Arthur B. writes: Sure, experts with a certain economic interest say that Novell is dead and Linux is a wannabe. But their expert advise so far has always caused unforeseen budget overflows and compromises. We handle the risks; they handle the profits. And it was always our fault or someone else's. It was never their fault. We simply wanted too much. We didn't understand it. Well, we always kept our part of the deal. We paid, they just...
didn't deliver. But somehow that was something we didn't understand. We just needed to adapt our way of business to their views. And sure enough, by the time things were starting to work (read: people learned to cope with the system), it was time to upgrade. And not just some things, but everything. And any third-party solution that couldn't cope with the new world was labeled outdated, of course, a fact that locked us even further in. If you think that that brought company knowledge, insight and oversight to new heights, you're sadly mistaken. No, both Novell and Linux will stay around at least long enough to help us in the coming years for a fair price. And Microsoft won't be booted completely out of the company. It'll be trimmed down to specialized islands so it won't bother other systems and do what it does best: application services until Linux, Novell or someone else is mature enough to handle that part as well. Or until Microsoft shapes up.
Oh, the horror, the horror. What difficult choices we await.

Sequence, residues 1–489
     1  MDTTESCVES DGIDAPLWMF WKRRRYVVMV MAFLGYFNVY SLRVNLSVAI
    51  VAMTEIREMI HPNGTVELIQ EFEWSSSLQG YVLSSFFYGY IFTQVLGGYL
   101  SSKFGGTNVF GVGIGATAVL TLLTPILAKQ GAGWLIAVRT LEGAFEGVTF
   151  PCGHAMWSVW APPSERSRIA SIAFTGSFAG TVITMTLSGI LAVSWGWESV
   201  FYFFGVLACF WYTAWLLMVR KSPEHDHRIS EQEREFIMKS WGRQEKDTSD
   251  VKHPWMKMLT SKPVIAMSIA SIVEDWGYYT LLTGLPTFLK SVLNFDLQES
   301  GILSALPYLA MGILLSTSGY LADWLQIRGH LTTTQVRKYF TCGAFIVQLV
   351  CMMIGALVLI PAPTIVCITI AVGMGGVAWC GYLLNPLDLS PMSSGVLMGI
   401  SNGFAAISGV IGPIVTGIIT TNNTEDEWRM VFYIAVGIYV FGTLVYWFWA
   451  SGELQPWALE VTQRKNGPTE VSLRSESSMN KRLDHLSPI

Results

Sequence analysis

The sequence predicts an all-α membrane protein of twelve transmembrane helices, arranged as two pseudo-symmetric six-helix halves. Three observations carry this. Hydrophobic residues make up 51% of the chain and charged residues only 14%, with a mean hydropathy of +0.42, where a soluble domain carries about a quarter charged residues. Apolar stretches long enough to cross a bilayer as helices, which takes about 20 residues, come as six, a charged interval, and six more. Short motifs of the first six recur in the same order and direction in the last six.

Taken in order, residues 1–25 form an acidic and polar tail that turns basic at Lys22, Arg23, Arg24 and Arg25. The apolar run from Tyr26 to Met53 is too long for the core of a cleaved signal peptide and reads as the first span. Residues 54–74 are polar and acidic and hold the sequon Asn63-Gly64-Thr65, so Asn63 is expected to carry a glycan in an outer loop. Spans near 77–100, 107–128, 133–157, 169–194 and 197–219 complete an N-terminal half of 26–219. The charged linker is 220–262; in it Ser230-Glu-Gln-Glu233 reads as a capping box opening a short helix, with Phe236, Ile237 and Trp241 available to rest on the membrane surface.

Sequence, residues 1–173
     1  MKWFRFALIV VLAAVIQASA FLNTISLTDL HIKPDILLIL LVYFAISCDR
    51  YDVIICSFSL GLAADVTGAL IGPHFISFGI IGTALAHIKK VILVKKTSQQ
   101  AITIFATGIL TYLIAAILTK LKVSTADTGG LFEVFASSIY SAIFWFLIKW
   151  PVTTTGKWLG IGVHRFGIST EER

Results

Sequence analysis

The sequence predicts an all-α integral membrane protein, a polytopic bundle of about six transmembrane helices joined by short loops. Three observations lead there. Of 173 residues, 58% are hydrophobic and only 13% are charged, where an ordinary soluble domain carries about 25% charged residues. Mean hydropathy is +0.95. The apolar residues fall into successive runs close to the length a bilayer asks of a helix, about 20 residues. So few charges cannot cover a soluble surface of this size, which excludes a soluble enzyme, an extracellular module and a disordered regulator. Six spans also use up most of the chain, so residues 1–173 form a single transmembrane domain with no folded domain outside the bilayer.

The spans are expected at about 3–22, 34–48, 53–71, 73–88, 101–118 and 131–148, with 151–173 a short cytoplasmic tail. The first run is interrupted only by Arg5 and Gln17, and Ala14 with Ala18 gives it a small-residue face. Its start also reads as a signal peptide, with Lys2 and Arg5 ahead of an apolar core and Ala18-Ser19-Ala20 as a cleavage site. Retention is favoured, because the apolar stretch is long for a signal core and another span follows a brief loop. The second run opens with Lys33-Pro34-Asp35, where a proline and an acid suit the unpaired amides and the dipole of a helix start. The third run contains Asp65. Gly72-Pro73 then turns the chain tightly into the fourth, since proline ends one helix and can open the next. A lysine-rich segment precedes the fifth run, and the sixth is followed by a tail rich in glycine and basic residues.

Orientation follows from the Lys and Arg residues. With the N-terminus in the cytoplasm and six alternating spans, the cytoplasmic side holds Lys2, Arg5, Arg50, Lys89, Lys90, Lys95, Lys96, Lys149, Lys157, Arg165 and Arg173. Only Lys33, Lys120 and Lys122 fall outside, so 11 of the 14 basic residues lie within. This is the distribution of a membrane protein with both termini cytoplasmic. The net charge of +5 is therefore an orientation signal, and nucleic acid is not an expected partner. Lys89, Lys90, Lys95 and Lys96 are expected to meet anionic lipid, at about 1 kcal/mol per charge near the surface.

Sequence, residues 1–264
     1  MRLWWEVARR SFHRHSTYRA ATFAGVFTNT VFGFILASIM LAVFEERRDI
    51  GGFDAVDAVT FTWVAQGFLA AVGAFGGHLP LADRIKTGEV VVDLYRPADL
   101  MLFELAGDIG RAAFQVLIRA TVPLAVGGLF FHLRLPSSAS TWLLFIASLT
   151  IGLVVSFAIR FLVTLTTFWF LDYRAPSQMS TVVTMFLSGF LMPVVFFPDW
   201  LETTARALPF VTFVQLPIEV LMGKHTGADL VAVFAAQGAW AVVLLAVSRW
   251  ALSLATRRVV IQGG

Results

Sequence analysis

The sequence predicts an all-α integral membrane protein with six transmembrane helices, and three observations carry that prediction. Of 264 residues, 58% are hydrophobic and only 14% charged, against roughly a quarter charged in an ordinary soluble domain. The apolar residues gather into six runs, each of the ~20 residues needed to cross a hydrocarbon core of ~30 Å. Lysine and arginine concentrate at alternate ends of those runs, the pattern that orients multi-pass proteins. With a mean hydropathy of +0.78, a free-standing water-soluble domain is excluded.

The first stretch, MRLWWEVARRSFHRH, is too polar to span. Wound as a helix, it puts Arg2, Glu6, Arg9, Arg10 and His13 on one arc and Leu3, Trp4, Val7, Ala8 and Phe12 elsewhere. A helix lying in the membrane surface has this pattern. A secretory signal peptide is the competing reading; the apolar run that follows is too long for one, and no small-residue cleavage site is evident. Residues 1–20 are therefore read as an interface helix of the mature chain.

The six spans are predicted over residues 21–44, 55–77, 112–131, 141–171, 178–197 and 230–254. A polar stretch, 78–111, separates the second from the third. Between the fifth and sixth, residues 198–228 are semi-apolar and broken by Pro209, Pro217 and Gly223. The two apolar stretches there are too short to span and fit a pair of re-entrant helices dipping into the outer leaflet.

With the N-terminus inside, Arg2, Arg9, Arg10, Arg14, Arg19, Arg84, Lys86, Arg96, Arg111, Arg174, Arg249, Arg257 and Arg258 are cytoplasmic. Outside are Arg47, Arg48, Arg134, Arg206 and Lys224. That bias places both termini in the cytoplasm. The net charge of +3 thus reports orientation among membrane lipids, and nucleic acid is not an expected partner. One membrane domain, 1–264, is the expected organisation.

Erm, not really.
Dieter Klotzsche writes:
We have up to now a stable NT4 server installation. The software running on the server is stable. We are not going to upgrade until we are forced to do so by software updates, which will no longer run with NT 4.0. We do not need any support from Microsoft.
Ted D. writes:
Plans for post-NT upgrades? *nix.
Like we should have done in the first place, but were lazy/gullible/scared/tight? No more Redmond. Free at last!
Aaron Solomon writes:
Our lab upgraded to Windows 2000 two years ago, and will upgrade to Windows Server 2003 next month because IPv6 support in the OS is critical to us.
Marc Breit writes:
We did our Win2K migration in mid-June 2003 and brought up all of our servers and workstations to at least Windows 2000 within the last 24 months. The domain migration set the last action in the task list. As Exchange 2003 is nearby, we plan to migrate our Exchange 5.5 to 2003 in August 2003 and perform before a domain upgrade from 2000 to 2003, although we stepped to 2000 domain a fortnight ago.
>>Continue on to NT4 Independence Day: More users sound off.Have an opinion you'd like to throw in the fray? E-mail us. Your letter may be published in an upcoming article.